I’ve gone from having everything all nice and contained within the main campus to now having multiple locations across the tri-county area with imaging equipment that I need to visit. The amount of imaging equipment I lay hands on has also gone up by about 3x since I started. It definitely keeps me busy, but doesn’t leave much time for working on other things like I used to have.

Lots of interesting things happening now, and there’s going to be a lot of new equipment arriving over the next few years: new hospital buildings, new clinic sites, new imaging technology. With any luck, we’ll be able to get a diagnostic imaging residency program started in the near future too.

Next few years should be an interesting time.

How much scatter radiation exposure?

video created by instructors in the Radiologic Technology program at St. Johns River State College and shared over on the Radiology subreddit, reminds technologists to wear lead aprons when doing portable radiography. 

In the video, they use what appears to be a Geiger-Mueller (GM) survey meter to show that even when standing far away from the portable unit or behind a wall, technologists are exposed to scatter radiation that is greatly reduced when wearing a lead apron.

Conventional wisdom for portable radiography tells people to stand at least 6 feet away (about 180 cm) during exposures and that the amount of scatter radiation that far away is pretty low and insignificant.  Most portable units have the exposure switch on a pretty long stretchy cord, so getting 10 feet away (about 305 cm) isn’t that difficult.  However, due to room/area constraints, it might not be possible for other patients/staff to get that far away.

One could definitely argue about the appropriateness of using a GM survey meter to measure scatter radiation, but for demonstration purposes it’s a reasonable instrument to use.  To quantify how much scatter radiation technologists are exposed to, an ionization chamber is a much more appropriate instrument to use.  Prompted by the video and spurred on by my own curiosity, I decided to have a quick look at the amount of scatter radiation.  Armed with my Radcal meter and 10×6-1800 large volume ionization chamber, I did some quick and dirty measurements to investigate.

To simulate a maximal scatter situation, I used two 32 cm CTDI phantoms as my large “patient” and a 35×43 cm field.  Source-detector (SID) distance was set to 100 cm.  The center of the ionization chamber was positioned 225 cm away from the center of the field (the farthest away I could reasonably get in the room I was in) and 94 cm above the floor (approximately waist height for an average sized person).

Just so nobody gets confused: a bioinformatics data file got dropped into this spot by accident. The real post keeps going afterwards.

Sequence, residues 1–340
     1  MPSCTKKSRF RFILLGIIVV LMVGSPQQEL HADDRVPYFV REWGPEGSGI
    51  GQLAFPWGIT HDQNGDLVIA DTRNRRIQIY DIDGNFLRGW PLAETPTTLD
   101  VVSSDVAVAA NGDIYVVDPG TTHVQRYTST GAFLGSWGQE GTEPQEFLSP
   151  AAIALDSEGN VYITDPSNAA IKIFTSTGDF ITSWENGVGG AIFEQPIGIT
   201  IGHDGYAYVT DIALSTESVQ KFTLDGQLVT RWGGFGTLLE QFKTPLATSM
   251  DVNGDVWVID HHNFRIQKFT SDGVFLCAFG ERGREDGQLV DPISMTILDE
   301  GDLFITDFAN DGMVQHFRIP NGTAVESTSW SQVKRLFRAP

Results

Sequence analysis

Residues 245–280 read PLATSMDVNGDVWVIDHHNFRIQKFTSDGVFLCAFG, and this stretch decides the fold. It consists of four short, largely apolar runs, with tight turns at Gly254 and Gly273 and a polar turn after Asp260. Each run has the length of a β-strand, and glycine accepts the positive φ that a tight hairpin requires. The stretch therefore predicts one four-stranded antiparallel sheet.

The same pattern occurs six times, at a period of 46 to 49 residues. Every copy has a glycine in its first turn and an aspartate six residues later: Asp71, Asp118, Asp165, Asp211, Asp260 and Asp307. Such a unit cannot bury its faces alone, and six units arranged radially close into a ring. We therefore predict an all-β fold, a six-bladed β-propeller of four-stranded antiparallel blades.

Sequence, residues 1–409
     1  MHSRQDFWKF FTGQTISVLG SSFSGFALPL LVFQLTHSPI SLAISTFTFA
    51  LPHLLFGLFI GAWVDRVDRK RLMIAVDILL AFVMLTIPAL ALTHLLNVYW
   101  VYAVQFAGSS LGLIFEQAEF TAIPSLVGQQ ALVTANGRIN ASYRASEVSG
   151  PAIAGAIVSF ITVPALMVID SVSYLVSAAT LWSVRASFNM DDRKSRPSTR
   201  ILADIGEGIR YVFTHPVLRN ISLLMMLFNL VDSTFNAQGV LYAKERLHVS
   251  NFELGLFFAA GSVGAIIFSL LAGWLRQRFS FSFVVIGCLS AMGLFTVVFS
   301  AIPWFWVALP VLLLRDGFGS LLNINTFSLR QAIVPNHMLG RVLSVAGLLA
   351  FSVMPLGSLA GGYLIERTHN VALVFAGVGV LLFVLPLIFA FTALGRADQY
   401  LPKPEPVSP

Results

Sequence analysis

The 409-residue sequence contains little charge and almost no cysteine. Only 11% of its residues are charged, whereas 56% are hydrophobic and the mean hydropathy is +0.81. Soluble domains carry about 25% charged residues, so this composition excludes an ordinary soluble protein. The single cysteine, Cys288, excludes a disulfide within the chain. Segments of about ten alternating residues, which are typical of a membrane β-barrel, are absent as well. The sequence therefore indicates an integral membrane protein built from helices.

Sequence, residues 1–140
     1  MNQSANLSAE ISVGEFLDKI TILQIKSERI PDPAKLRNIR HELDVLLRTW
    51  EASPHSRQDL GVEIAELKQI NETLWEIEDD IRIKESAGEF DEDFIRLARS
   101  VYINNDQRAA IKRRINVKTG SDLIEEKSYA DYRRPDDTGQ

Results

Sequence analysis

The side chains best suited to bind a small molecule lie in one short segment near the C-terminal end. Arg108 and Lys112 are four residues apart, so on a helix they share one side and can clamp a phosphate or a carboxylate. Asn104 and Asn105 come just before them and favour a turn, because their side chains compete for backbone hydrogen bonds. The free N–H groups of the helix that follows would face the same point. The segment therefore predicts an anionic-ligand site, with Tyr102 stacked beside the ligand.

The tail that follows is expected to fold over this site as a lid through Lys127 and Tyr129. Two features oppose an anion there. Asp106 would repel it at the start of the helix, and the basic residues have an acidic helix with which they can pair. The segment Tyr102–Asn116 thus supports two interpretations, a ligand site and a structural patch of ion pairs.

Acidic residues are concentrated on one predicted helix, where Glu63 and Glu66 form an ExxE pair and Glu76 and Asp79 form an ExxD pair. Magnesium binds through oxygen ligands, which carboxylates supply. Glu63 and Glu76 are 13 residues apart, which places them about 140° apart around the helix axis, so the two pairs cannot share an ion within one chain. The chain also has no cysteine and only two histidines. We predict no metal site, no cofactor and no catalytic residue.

Three exposures at each of 60, 80, 100, and 120 kV were acquired and averaged.  To ensure a decent amount of exposure at the chamber, 50 mAs was used for each exposure.  The table below gives the average scatter exposure recorded at the chamber in nGy/mAs and the scatter exposure normalized to a distance of 100 cm.

Portable Radiography Scatter Exposure
kVScatter exposure
Scatter exposure
(nGy/mAs) @ 1 m

Plotted on a graph, it looks like this.

Portable Radiography Scatter Exposure
Portable Radiography Scatter Exposure at 225 cm

A second order polynomial fits the data pretty nicely: Scatter (nGy/mAs) = 0.0117kV2- 0.3279kV - 5.0002

Consider an abdominal radiograph performed at 80 kV and 40 mAs.  From the graph, scatter exposure is about 40 nGy/mAs.  At a distance of 225 cm, the scatter exposure would be about 1.6 μGy.  At a distance of 10 feet, inverse square correction (a reasonable approximation) puts the scatter exposure at around 0.87 μGy.  At a distance of 6 feet, it would be a little higher at around 2.4 μGy.

This data only represents one unit, one measurement location, and a maximal scatter setup, but still illustrates that while scatter is detectable, the exposure to surrounding people is still fairly low.

How applicable are these numbers generally?  For radiographic units (fixed and portable), it turns out that there’s not as much variation in radiation output as one might think.  The amount of scatter exposure will vary with location around the source (lower behind the portable unit because of shielding by the portable) but should be fairly symmetric.  It probably wouldn’t be too unreasonable to use the data here to get ballpark figures on how much scatter exposure technologists and other personnel would be exposed to.  Remember, the data presented here represents kind of a worst case scenario with a large patient and large field, so any estimates based on these numbers should be considered as upper limits.

If you’re a technologist who does a lot of portable radiographs, wearing a lead apron and keeping your distance probably isn’t a bad idea.

Bone mineral densitometer beam widths

If you’ve ever wondered how wide the x-ray beam for a Hologic bone mineral density (BMD) scanner is, I can now tell you it’s not very wide. They’re considerably thinner than I expected in fact.

I placed a strip of Gafchromic XRCT film on top of the housing surrounding the x-ray tube and ran the scanner through its various scan modes, moving the strip between each scan.

BMD beam width
BMD beam width

Each of the vertical stripes represents the width of the beam at about 40 cm from the focal spot and about 10 cm below where the x-ray beam would enter the patient. From left to right are the beam widths for the fastest to the slowest scan modes. The scale on Gafchromic strip is marked off in millimeters.

The beam width for the fastest scan mode is 2 mm. The next two modes have a beam width of 1 mm, and the slowest scan mode uses a beam width that looks like about 0.2 mm. With a source to detector distance of a little over 100 cm, the beam width at the detector ranges from about 5 mm to 0.5 mm.